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Blog |  5 min read

How Digital Disruption Is Transforming The Utilities Sector

The utility sector has had to learn to cope with disruptive influences. Over the past ten years this has included industry deregulation, rapid demand growth and environmental challenges.

The digital revolution happening currently is primarily driven by consumer expectations and emerging technologies, with significant potential to reduce the utilisation of traditional networks and generation capacity. Today’s time limited, totally digital and mobile consumers demand better, cheaper, more portable services with the ability to personalise the service they get from their selected service provider.

For energy companies, this digital transformation means greater customer contestability and the need to differentiate service levels through a range of value added deliverables in addition to competitive energy rates. Success in such a challenging environment requires a combination of efficient, customer-focused business models supported by agile technology platforms.

However, many utilities firms have found it difficult to adapt and improve their customer offerings as quickly as many consumers want. Conventional (business as usual) thinking and legacy business solutions have contributed to the inertia. The more innovative ones, generally those with a growing millennial workforce, are winning the hearts and minds of consumers and are becoming more competitive and efficient by embracing both new business concepts and adaptive technology solutions to enable rapid change.

The following is a list of the five key elements of digital transformation that have brought about positive changes for utilities companies and their customers.

1. Internet of Things

  • Everyone is talking about the Internet of Things (IoT), but for the utilities sector in particular, it represents a new reality.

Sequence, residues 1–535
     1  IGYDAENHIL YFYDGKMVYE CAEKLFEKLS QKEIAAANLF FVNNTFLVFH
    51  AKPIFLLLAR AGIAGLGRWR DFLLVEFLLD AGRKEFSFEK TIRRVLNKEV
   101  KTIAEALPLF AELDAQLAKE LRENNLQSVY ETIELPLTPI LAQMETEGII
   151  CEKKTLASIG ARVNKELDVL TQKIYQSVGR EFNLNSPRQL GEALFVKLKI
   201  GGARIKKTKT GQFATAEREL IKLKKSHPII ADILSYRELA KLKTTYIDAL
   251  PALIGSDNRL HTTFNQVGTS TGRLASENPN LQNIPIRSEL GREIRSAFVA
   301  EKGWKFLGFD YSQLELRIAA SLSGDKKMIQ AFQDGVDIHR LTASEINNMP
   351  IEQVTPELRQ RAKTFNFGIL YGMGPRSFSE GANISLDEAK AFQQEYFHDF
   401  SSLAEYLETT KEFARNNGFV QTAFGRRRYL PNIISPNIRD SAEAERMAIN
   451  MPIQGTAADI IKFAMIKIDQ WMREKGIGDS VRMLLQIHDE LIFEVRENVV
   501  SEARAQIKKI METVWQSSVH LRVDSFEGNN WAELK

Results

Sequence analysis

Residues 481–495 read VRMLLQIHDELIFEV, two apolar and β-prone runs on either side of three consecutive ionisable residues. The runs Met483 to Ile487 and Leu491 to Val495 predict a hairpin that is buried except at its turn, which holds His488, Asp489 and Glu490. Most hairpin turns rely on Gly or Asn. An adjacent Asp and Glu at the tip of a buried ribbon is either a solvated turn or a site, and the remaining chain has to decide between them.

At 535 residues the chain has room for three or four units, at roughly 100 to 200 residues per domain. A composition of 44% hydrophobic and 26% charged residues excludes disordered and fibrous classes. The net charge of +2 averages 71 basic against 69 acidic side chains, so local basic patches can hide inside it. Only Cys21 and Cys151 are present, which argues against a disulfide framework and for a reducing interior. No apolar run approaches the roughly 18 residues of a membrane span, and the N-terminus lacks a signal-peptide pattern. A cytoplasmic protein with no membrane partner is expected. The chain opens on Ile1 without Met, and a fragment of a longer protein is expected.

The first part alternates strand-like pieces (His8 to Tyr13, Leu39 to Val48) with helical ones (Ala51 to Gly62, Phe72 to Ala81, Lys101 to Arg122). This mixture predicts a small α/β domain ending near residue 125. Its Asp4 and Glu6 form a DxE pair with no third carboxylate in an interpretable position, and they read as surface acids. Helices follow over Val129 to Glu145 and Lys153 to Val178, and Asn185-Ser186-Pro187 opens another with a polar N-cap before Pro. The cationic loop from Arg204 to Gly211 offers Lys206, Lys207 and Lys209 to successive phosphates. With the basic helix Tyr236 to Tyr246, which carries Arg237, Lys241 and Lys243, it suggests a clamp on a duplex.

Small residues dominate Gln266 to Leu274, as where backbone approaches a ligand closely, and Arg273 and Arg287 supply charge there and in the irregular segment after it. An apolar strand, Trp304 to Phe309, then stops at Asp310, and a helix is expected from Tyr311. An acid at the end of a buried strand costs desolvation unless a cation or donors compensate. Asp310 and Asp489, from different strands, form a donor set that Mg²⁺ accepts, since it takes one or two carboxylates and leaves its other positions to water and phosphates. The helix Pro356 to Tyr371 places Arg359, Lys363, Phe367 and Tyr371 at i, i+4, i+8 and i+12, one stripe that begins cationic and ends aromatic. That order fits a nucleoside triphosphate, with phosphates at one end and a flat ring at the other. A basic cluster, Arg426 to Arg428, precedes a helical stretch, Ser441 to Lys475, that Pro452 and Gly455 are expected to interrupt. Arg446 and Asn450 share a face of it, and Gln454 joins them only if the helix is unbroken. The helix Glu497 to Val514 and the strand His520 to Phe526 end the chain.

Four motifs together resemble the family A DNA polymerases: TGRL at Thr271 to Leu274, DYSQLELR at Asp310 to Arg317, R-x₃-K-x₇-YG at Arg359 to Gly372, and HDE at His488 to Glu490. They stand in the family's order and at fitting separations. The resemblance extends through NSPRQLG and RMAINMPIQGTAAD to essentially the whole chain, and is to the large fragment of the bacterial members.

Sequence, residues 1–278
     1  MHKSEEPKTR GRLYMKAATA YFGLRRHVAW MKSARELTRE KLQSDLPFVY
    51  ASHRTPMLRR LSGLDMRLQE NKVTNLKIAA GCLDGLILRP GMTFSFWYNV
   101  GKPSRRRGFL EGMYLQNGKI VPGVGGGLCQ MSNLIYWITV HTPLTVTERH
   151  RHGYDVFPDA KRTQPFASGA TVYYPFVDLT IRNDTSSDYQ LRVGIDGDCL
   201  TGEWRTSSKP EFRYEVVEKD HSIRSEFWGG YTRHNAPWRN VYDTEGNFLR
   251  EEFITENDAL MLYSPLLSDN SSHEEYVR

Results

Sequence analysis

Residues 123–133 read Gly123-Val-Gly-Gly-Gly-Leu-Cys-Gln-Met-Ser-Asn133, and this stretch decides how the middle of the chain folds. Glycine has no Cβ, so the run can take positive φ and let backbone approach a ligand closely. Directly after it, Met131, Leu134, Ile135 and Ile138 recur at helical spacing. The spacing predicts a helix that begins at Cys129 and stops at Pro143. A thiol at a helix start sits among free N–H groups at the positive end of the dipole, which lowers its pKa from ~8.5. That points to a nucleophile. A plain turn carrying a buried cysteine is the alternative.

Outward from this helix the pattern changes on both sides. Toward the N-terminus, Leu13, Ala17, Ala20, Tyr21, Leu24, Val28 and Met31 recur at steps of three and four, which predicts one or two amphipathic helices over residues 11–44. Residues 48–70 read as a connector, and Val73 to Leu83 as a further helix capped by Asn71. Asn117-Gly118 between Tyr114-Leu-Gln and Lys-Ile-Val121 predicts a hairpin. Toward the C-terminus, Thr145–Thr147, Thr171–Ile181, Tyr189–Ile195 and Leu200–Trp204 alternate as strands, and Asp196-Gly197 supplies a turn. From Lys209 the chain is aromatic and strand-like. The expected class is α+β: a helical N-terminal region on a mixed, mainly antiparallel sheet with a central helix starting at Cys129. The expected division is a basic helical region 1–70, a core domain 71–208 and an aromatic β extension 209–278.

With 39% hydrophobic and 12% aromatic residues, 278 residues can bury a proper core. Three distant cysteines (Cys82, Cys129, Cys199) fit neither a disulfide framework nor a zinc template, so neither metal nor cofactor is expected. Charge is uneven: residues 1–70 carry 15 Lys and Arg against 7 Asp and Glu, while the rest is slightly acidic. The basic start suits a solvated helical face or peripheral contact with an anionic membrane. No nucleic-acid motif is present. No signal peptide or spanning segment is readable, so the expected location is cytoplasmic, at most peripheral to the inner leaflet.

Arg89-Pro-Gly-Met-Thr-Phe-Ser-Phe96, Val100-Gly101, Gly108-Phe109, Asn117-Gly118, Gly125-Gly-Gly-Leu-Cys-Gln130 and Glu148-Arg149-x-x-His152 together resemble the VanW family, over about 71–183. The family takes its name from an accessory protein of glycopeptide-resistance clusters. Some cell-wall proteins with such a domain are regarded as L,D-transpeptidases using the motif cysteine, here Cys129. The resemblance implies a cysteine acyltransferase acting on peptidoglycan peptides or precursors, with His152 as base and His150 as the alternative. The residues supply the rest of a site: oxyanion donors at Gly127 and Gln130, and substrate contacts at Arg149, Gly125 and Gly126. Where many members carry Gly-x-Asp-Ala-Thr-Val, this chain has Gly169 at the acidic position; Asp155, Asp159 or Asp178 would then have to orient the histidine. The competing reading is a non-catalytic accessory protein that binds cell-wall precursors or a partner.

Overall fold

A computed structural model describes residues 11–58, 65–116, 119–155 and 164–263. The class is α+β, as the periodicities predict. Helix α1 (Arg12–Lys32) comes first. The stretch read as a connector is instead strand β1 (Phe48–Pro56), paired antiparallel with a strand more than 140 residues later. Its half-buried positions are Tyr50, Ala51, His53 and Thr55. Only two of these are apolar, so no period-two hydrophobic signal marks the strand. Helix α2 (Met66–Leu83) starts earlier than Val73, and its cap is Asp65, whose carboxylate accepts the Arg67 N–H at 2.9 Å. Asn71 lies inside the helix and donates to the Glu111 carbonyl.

• IoT offers powerful tools for the utilities sector, enabling granular visibility into energy usage hour by hour, remote management of network equipment and distribution automation.

  • The vast amount of data that can be collected from Internet-connected devices such as sensors for monitoring the reliability of poles, cables and pipelines can be used to enhance productivity and to improve efficiency.

2. Smart meters

  • Smart meters are helping to improve real-time decision making, solving critical problems and helping utilities firms to develop new services and innovative experiences for customers.

  • There has been a significant increase in the number of smart meters installed in Australia/New Zealand, enabling real-time communication of energy data between customers and their service providers. Nearly 1.1 billion smart meters will be installed by 2023 worldwide (according to a report by Navigant Research). In NZ over 55% of installations currently have smart metering and the majority of Victoria’s 2.8 million meters have been installed.

  • While smart meters are becoming more widespread, the use of dynamic pricing, which matches energy supply and demand through real-time price changes, is not as prevalent. However, some utilities are emerging as leaders in applying dynamic pricing to better engage their customers and ensure system reliability.

  • The reduced cost of automated meter reading has effectively lowered the remaining barrier to customer switching and hence, the contestable market.

3. Smart grids